January 29, 2010

THE BOOKS ARE BETTER THAN THE TV SERIES WOULD LEAD ONE TO EXPECT:

-OBIT: Ralph McInerny Dies at Age 80 (Zenit.org, 1/29/10)

Ralph McInerny was a professor of philosophy and the Michael P. Grace Professor of Medieval Studies at the University of Notre Dame.

He held degrees from St. Paul Seminary, University of Minnesota and Laval University, and had taught at the University of Notre Dame since 1955. He directed the Jacques Maritain Center from 1979 to 2006.

He was an acknowledged expert on the writings of St. Thomas Aquinas, and a prolific author. He penned over two dozen scholarly books, many more scholarly essays, and over 80 novels.

He wrote the popular book series Father Dowling Mysteries, which became a successful television program starring Tom Bosley and Tracy Nelson.

The Writing Life (Ralph McInerny, March 2006, First Things)

In my early teens I saw myself as a writer. I became fascinated with biographies of authors, and I idolized the upperclassmen who produced the poems and stories and articles for the school magazine. Throughout my nonhazardous hitch in the Marine Corps I thought of myself as prepping for the commencement of my writing career. My return to the seminary did not really alter this. In my seminary years I wrote a verse play and even began a novel. With my veteran's allowance I bought a box full of past numbers of the Partisan Review, and in poring over them I came upon J.F. Powers' story “St. Paul Home of the Saints.”

Powers was a layman, but he was a legend among the priests I had known in Minnesota. His Prince of Darkness and Other Stories showed such an uncanny knowledge of the trivia of local clerical life that it was presumed he had some priestly informant who fed him gossip for his stories. His portrait of Archbishop John Gregory Murray in the title story of that collection seemed drawn from life. What the significance was for me that this layman wrote about priests I could not then guess, but it was as if some barrier had been removed.

When I left the seminary for the second time, certain now that the priesthood was not my vocation, I was not the same man who entered. I began graduate studies in philosophy. Philosophical prose is for the most part as distant from the imaginative use of language as one can get. Dullness is all. Dullness and clarity, that is. At the age of twenty-two, any literary ambitions of mine were going to have to be compatible with my academic involvement. Among the books I bought in the summer before graduate school were W.H. Auden's Collected Poetry and his more recent Nones. They are still on my shelves. Writing in the fullest sense meant poetry, and everything else declined from that like cases of a noun. And so, working nights in the bottle house of the Grain Belt beer company, I would wake in the attic bedroom of my grandmother's house in Minnesota and try to write poetry. When graduate school began and I spent a couple of months working nights on a punch press, I found myself surrounded by people who considered themselves artists. One of them confided to me that his ambition was to write pornographic novels. He mentioned an author whose descriptions of mating were so metaphorically sedate that they would have sailed over innocent heads. So he had a mission. If you're going to write a dirty book, make it dirty. I have often thought of that fellow.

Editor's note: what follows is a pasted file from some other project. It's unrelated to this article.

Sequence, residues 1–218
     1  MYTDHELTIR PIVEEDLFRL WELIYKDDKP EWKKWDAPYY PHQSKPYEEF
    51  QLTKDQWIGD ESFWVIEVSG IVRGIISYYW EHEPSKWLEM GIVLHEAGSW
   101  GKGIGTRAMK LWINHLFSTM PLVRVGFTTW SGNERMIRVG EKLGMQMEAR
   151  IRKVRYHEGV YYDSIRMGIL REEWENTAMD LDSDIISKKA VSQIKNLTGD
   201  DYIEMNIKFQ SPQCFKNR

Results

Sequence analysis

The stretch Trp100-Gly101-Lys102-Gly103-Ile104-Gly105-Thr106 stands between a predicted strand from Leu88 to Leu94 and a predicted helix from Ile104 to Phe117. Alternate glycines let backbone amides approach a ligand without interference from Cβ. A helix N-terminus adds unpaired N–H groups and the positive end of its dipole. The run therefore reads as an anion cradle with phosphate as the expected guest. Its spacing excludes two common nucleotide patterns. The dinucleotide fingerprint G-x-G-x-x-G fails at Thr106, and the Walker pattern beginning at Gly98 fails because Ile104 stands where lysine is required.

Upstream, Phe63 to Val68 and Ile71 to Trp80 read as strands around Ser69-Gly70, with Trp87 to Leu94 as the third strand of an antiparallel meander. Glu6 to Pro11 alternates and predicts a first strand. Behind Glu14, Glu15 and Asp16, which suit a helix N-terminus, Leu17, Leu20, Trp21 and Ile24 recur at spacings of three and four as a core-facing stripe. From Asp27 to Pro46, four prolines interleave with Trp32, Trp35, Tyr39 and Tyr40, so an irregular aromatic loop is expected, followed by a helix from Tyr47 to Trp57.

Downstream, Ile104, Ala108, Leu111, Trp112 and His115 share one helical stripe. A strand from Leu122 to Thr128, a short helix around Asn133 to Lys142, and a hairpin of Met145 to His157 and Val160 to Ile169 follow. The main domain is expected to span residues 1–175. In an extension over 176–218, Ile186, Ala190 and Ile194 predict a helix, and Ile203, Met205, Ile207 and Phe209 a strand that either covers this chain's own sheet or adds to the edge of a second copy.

At the University of Minnesota and at Laval, at first single and then married, I continued to write. I sent a Christmas poem to fellow students and to some of the faculty, and Charles De Koninck was impressed all out of proportion to the value of the poems I showed him. (Later I would discover that he had attempted to write a novel.) During the months that I was writing my dissertation I was also at work on a novel. It is penitential for me to even page through those early efforts. There was another novel written in Omaha, and yet another when we moved to South Bend in August 1955. I sat at the dining room table in my bathing trunks because of the ungodly heat and wrote. Over the years I would occasionally write a short story and mail it in, my preferred target being the New Yorker. It would come back (in Thurber's phrase) like a serve in tennis. What I remember about those years was how episodic my efforts were. After I sent off a story, I would wait as if for news of the Nobel Prize. Rejection was cushioned by no work in progress. I was not serious.

On January 16, 1964, I decided to get serious. We had moved into the house on Portage Avenue and were overextended. Getting through the month was depressingly reminiscent of days we thought we had left behind forever. I took on teaching a couple courses at the branch of Indiana University in South Bend, adding those to my daily chores at Notre Dame, but this was peanuts. I remembered the copy of Writer's Digest I had bought in the Los Angeles train station in 1946. I decided that I would write for commercial markets, not just sporadically, but determinedly, every day, and keep at it for a year, after which if I had not sold anything I would admit to myself that I was not really a writer.

And so it began.


MORE:
-WIKIPEDIA: Ralph McInerny
-Ralph McInerny: Curriculum Vitae (University of Notre Dame)
-ESSAY: Is Obama Worth a Mass? (Ralph McInerny, 3/23/09, Catholic Thing)
-POEM: Effable (Ralph McInerny, 12/2008, First Things)
-ESSAY: Memento Mortimer (Ralph McInerny, November 2001, First Things)
-REVIEW: of Catholicism and the Renewal of American Democracy by George Weigel (Ralph McInerny, March 1990, First Things)


Posted by Orrin Judd at January 29, 2010 9:55 PM
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